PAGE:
I saw the four loops as well and that tells me there is either no way enough tubing in the floor and/or loops lengths are awful long and pumps may not be sized correctly as well.



    All is mute without the heat loss and doing the math.
    "The bitter taste of a poor installation remains much longer than the sweet taste of the lowest price."
    · ·
  • RichRich Posts: 1,212Member ✭✭✭
    edited August 2013
    Delta T

    seems to be the issue here .  Install the appropriate 00VDT from Taco , set the Delta for 10* Delta and call me when you are toasty .  I know it's not quite that simple but the Delta T 00's have made plenty of horribly designed / installed jobs where there were unknown factors a snap for me . Some used the 0013 , most we used the 008 , but in most instances they worked real good and made us look like geniuses . If more work is required after that step the pump stays and is a great feature on any install because you are controlling closely the Designed For Delta .   

     Quite possible the original installer did not account for the Cv through mixing valves and accumulated head losses through Hx , mixing , and long loops .  I do believe that 2 008's may very well solve the problem , like I said , it's a Good starting point . Start with the obvious . Anyone disagree ? 
    You didn't get what you didn't pay for and it will never be what you thought it would .
    Langans Plumbing & Heating LLC 732-751-1560
    Serving most of New Jersey , Eastern Pa .
    Consultation , Design & Installation
    Rich McGrath 732-581-3833
    · ·
  • TomTom Posts: 312Member
    edited August 2013
    All is "moot"

    Chris just a heads up its "moot" not mute



    If smitty is saying that with either system the house won't heat then a heat loss is a good starting point.



    Smitty, maybe we can see a couple pics of the whole system, like entire piping layout at least another shot under the original post pic. Your symptoms could be a lot of things so it would be good to start at the first step then proceed. The way I see the system from the pic is there is no system pump or anything pumping the main loop. What's pumping water through the heat exchanger?
    · ·
  • RichRich Posts: 1,212Member ✭✭✭
    Whole system

    from a distance is a great idea as opposed to segmented views . 
    You didn't get what you didn't pay for and it will never be what you thought it would .
    Langans Plumbing & Heating LLC 732-751-1560
    Serving most of New Jersey , Eastern Pa .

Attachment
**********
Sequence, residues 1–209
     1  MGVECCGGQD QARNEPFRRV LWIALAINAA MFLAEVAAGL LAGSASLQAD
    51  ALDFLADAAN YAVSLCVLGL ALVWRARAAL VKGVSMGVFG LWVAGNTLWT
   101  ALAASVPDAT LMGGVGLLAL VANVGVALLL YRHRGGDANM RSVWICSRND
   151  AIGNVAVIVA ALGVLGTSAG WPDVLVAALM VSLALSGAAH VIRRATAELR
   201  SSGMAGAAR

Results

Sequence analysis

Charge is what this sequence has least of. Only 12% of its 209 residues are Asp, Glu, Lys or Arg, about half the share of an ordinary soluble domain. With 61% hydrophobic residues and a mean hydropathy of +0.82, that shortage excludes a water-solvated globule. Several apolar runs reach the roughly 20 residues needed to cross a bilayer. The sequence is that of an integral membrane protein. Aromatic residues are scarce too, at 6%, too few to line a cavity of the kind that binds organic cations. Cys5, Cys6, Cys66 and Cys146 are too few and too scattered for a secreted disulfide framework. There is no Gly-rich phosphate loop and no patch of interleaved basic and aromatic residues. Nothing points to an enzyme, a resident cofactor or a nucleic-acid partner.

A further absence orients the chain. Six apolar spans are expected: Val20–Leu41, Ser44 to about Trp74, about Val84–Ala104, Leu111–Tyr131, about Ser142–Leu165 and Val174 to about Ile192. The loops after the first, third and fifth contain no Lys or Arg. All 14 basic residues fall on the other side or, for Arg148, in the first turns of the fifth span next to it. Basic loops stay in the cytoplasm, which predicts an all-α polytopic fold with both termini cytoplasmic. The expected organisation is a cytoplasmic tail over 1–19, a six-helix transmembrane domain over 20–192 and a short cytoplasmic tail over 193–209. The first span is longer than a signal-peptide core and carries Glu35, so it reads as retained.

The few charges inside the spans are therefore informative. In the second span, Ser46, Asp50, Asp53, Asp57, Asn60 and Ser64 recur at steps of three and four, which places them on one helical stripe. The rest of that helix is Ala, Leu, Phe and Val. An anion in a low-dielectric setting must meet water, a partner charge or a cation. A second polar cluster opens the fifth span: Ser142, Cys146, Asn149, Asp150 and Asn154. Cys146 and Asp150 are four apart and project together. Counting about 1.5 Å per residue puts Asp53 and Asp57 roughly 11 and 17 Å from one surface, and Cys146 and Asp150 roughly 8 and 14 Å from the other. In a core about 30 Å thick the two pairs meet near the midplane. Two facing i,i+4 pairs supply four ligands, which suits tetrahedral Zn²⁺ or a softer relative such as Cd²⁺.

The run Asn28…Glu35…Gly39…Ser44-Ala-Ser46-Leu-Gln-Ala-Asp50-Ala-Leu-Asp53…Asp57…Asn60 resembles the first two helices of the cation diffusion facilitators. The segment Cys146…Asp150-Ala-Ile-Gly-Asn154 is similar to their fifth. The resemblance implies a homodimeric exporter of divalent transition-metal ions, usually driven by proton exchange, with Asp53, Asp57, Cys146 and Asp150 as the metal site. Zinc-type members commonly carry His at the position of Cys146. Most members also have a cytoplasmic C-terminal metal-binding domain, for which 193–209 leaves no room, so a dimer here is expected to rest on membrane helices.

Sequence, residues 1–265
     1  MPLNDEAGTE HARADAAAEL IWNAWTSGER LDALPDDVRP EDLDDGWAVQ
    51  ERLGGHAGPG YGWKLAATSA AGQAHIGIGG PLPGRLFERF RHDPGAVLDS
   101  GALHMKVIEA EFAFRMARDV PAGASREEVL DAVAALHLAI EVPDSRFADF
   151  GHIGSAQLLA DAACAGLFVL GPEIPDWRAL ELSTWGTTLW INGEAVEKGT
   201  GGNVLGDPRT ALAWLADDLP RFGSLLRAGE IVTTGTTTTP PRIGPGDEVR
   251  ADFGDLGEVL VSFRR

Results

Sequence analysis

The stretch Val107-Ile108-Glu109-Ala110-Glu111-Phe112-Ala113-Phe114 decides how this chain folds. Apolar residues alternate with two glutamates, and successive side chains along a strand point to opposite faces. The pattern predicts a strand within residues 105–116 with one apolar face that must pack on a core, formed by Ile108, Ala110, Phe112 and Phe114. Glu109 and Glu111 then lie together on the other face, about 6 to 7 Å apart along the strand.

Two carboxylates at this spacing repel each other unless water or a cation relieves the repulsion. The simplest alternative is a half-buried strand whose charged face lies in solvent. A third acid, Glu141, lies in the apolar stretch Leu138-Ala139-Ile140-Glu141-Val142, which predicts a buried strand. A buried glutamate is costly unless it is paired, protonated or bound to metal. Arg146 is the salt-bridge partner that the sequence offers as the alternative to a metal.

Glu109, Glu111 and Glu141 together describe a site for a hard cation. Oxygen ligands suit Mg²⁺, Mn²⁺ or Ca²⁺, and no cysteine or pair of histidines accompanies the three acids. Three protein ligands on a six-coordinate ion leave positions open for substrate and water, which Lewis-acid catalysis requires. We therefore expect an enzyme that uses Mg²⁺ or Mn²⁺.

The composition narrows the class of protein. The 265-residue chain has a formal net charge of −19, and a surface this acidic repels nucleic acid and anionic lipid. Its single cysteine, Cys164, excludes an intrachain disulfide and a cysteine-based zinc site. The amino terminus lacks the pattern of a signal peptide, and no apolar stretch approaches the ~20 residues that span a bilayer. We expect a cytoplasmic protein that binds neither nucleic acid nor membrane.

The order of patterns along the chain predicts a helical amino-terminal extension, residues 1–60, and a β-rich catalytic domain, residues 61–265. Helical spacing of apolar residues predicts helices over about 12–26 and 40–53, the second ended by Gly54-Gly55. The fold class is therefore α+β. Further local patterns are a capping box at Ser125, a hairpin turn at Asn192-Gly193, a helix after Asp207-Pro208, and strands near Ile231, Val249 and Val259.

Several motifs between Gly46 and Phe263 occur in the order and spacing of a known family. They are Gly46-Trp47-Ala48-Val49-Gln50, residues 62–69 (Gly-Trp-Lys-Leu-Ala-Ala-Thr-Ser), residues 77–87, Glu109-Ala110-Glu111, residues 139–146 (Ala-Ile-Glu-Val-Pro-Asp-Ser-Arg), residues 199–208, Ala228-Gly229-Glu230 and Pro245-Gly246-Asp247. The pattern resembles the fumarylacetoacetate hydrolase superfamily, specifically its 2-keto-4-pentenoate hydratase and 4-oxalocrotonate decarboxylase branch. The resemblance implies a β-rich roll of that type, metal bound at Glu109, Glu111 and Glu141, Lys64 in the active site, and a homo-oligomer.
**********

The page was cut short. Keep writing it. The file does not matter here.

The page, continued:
Consultation , Design & Installation
    Rich McGrath 732-581-3833
    · ·
  • GordyGordy Posts: 3,731Member ✭✭✭✭
    Rich

    Since the HX was bypassed using back up boiler with similar results we can conclude that the head loss from that component is not part of a flow issue. Cv from mixing valves etc yes.



    Couple the fact it's 3/4" pex. I'm inclined to believe if the installer used 3/4 pex, 16" spacing, they probably had no clue on sizing circs, or maintaining acceptable loop lengths let alone understand water temps and flow rates .



    Delta t pumps while a great tool when designed in to a system it troubles me when they are used as a bandaid for poor piping practices. Sometimes it's the most cost

    Effective approach for righting several wrongs
    · ·
  • smittyal06smittyal06 Posts: 46Member
    Pump

    The pump on the outdoor wood boiler pumps the water through the heat exchanger for the incoming. 
    · ·
  • RichRich Posts: 1,212Member ✭✭✭
    Agreed

    that these pumps are much better when designed into a system . They are able to correct a lot of sins and let's face it often the only economically feasible fix . I honestly have to say that no matter what type of system I am designing nowadays I use them , only variable is whether I can get the losses down low enough to use the Delta T ECM .  I also wish that all are aware of what we are but we both know this is not the case .  Would you agree that this is a good starting point ?
    You didn't get what you didn't pay for and it will never be what you thought it would .
    Langans Plumbing & Heating LLC 732-751-1560
    Serving most of New Jersey , Eastern Pa .
    Consultation , Design & Installation
    Rich McGrath 732-581-3833
    · ·
  • smittyal06smittyal06 Posts: 46Member
    Pumps